Life and Death in the Organ Queue | Letters | Chicago Reader

Life and Death in the Organ Queue 

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To the editors:

Last October I wrote a story about three people waiting for organ transplants: Rose Brooks, who needs a pancreas and a kidney; Gary Isenogle, who needed a liver; and Dick Jackson, who needed a heart. Readers of that story might be interested in knowing that Isenogle, who had been waiting for a liver since the beginning of 1990, died right before Christmas and Jackson, who had been on a heart-transplant waiting list since the summer of 1986, died soon after Christmas.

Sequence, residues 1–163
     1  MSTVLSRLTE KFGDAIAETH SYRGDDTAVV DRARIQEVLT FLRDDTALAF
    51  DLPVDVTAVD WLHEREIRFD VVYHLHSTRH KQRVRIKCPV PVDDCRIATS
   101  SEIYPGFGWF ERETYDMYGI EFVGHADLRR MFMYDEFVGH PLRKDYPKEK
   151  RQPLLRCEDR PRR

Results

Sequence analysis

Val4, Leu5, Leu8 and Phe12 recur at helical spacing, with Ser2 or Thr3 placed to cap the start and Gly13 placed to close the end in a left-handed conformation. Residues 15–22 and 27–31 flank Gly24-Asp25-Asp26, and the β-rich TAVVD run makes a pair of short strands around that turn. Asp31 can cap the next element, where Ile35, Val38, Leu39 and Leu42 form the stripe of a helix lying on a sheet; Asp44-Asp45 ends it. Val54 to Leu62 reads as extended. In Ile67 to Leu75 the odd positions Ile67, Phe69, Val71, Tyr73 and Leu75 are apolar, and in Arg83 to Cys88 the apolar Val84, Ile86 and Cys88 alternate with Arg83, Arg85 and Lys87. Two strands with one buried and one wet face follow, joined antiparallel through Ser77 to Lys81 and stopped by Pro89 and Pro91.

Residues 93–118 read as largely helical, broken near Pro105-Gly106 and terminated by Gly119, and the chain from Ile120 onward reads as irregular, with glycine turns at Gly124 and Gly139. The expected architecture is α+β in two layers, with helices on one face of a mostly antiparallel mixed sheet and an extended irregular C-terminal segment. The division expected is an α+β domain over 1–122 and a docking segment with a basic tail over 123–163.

Brooks is still alive. But she's been waiting for a kidney and pancreas since 1987.

At the end of last year, the Regional Organ Bank of Illinois (ROBI) reported that the number of people waiting for organs went up 22 percent in Illinois, while the number of donors increased by 10 percent. And as of January 1, 22,000 people nationwide were on organ waiting lists--992 of those in Illinois. ROBI also reported that one-third to one-half of these people will die before they get organs.

Becoming a donor by signing the back of your driver's license can save someone's life. Letting your family and friends know of your intent can help a lot too. Organs in a grave don't do anyone any good.

Brenda Wilhelmson


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